For the past 1,500 years, crops have been grown with great success in the Chicama Valley on the north coast Peru, one of the driest places on Earth. The Moche people, who occupied the area from AD 100 to 800, cultivated chili peppers and potatoes, supplementing the area’s 0.2 inches of annual rainfall with water from an irrigation system that modern archaeologists only partially understand.
Today, irrigation in the Chicama Valley is typical of 21st-century agriculture. Only now, sugarcane blankets the region, much to the consternation of archaeologists, who know that ancient structures of the Moche people lie hidden beneath the ground. The densely grown 10-foot-tall stalks of cane are impossible to walk through without serious machete-wielding.
Boston University archaeologists have found a solution—remote sensing, which uses satellite cameras to record information about buried sites. Remote sensing is so effective that it can save archaeologists years of footwork by showing them where to dig, says William Saturno, a College of Arts & Sciences assistant professor of archaeology and a principal investigator of a Chicama Valley project funded by a NASA ROSES (Research Opportunities in Space and Earth Sciences) Space Archaeology grant.
“By using remote sensing, we essentially make the invisible visible,” says Saturno, who is collaborating with BU postdoctoral fellow Benjamin Vining (GRS’11) and archaeologists from Harvard and the University of Alabama. “We have the ability to see things that we would never be able to see by flying over a field or cutting down a field. We can get a sense of what no one else can see, and then use that to guide further research.”
For decades, the Chicama Valley has lured archaeologists with its massive 160-foot-tall mud-brick pyramids, called huacas. Huacas were sacred sites to the Moche, and their noble dead were often buried in them, alongside pottery, ceramics, and elaborate metalwork. Surrounding the huacas, and hidden beneath the thick sugarcane, are the ancient settlements where the common people lived. Those villages are what Saturno and Vining hope to study, because there, they say, is where the real stories of the lives of the Moche can be found.
Vining uses the analogy of future archaeologists trying to define life in New England by excavating the State House, Beacon Hill, and the Back Bay. “That would give you a very narrow and distorted view of what was happening,” he says. “We’re trying to identify and describe areas that would be analogous to Allston and Brighton to find more about the social lives of these people.”
Can be seen—just not by human eyes
Fortunately for Saturno and Vining, the location of the buried settlements can be seen, just not by human eyes. Satellite-mounted remote sensors, which measure the wavelengths of light reflected from sugarcane, show a clear difference between cane growing above buried ruins and cane growing in settlement-free ground.
“We can see only a very narrow range of visible light that conforms to blue, red, and green wavelengths,” Vining says. “But satellites take a broader range of that spectrum, particularly in infrared wavelengths, and divide those up into multiple images. We can then manipulate those mathematically to look for relationships or patterns and focus on what is happening in the vegetation.”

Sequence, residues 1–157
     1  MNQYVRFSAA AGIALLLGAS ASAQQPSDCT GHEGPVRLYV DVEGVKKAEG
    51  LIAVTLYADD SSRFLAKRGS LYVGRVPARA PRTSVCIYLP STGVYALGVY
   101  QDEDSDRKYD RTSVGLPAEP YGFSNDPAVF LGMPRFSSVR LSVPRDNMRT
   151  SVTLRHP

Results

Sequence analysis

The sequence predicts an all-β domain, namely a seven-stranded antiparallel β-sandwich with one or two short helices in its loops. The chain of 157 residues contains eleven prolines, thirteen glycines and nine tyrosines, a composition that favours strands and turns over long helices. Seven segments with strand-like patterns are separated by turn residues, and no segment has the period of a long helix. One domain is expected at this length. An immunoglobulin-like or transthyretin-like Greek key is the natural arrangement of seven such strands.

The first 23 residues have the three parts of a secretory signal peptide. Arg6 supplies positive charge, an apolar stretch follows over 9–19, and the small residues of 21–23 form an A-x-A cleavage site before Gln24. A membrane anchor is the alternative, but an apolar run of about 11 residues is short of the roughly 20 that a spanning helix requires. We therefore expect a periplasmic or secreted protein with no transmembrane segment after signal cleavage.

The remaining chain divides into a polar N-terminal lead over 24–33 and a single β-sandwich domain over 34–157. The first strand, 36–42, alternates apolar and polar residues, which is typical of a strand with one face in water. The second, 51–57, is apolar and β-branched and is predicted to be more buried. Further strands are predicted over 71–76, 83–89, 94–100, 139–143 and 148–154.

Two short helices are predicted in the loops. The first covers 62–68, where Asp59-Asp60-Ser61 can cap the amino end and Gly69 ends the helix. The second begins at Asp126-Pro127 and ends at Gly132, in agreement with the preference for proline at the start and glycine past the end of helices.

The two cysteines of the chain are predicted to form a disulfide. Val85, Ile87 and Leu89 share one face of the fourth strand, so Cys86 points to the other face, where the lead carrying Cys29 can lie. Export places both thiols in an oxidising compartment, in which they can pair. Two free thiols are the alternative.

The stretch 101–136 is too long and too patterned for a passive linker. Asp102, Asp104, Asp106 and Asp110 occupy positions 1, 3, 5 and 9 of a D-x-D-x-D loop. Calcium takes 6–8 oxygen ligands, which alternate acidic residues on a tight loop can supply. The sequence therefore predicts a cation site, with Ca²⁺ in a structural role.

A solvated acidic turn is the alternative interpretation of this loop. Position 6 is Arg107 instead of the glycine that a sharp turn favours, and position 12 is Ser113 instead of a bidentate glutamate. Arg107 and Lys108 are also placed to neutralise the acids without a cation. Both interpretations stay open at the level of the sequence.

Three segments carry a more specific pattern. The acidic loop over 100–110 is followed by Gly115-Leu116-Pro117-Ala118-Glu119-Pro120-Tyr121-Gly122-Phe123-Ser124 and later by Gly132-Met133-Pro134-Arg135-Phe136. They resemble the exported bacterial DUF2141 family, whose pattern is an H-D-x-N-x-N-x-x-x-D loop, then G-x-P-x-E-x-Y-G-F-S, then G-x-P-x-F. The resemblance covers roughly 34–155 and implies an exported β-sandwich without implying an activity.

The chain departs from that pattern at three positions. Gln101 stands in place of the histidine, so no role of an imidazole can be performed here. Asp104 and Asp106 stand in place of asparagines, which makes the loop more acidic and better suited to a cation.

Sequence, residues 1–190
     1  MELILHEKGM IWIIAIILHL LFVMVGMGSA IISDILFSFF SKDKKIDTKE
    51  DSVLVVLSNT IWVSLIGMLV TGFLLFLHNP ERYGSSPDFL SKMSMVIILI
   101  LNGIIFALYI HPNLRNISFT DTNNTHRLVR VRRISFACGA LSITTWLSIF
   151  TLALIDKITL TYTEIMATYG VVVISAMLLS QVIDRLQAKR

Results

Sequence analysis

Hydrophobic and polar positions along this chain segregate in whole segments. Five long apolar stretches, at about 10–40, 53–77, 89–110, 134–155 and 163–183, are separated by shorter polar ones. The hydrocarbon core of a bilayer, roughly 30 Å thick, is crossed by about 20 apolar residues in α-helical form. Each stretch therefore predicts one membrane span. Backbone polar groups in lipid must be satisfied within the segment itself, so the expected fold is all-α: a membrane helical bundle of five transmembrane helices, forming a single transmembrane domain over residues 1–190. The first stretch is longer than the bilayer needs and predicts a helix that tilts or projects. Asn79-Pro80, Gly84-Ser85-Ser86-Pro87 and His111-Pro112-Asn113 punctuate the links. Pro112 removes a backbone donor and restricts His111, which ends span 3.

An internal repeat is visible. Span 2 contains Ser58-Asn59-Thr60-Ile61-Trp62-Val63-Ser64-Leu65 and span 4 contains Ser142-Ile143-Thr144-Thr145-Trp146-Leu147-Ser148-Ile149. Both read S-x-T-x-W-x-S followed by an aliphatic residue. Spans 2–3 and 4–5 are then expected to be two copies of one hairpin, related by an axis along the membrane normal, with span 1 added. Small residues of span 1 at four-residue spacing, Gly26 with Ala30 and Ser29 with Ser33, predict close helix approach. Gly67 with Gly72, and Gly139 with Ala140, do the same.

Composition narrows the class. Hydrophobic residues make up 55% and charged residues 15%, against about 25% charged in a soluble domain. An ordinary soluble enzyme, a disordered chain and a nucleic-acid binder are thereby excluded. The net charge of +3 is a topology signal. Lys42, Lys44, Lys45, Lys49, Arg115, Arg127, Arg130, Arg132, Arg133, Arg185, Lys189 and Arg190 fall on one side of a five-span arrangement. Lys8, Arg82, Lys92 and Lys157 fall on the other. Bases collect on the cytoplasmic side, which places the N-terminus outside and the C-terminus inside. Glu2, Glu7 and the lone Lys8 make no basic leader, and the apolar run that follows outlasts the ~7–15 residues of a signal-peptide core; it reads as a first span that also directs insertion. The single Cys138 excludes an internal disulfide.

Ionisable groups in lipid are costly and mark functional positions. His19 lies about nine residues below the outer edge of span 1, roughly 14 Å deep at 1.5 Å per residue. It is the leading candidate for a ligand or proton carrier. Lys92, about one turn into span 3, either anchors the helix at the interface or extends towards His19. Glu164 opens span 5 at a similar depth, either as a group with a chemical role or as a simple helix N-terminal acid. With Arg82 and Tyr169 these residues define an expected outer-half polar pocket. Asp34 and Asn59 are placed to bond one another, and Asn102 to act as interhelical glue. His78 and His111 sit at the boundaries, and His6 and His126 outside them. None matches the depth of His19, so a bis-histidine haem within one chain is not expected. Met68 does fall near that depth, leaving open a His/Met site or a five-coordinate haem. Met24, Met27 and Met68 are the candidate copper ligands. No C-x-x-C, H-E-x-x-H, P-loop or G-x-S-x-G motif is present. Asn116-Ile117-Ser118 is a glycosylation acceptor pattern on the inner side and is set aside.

In most cases, he says, vegetation is displayed in the red color. If it’s healthy vegetation, it will show up as bright red, if it’s sick or dying it will appear as dark red.
“Our research is showing that these archaeological sites accelerate the growth of plants,” Vining says. “The sugarcane is growing earlier and faster, but also dying off faster. It’s a more complex dynamic, and it’s out of phase with all of the plants around them. What is happening is different amounts of chlorophyll or different amounts of water are changing how the plants reflect light.”
When the team compares images taken during different times of the year and during different growing periods, they can spot small changes in the sugarcane leaves, and those changes can lead them to long-buried structures. Vining says the subtle shifts, seen in the reflection of light, indicate biochemical changes in the plants.
Saturno says minute differences in sugarcane leaves have revealed settlements, unexplored huacas, and ancient irrigation canals. So far, he says, they have identified 550 growth anomalies in the fields of sugarcane using remote sensing. Approximately 120 of these are associated with previously identified huacas that can be seen rising above the sugarcane fields. The remaining 430 unexplored areas are ripe for future digs.
Saturno and Vining’s research may also help local farmers. If researchers can prove that the irrigation practices of the past covered broad areas using a low-cost gravity-fed irrigation system, the team could suggest improved agricultural practices, which could increase or improve the farmers’ production. And not just in Peru. The team believes that their findings about low-tech irrigation could also benefit farmers in other parts of South America, as well as in Southeast Asia and sub-Saharan Africa.
“This land is desertic, except for these valleys that are irrigated,” Saturno says. “The Moche had an important relationship with their environment in order to bring about the types of developments that they did. And we want to understand this relationship a little bit better.”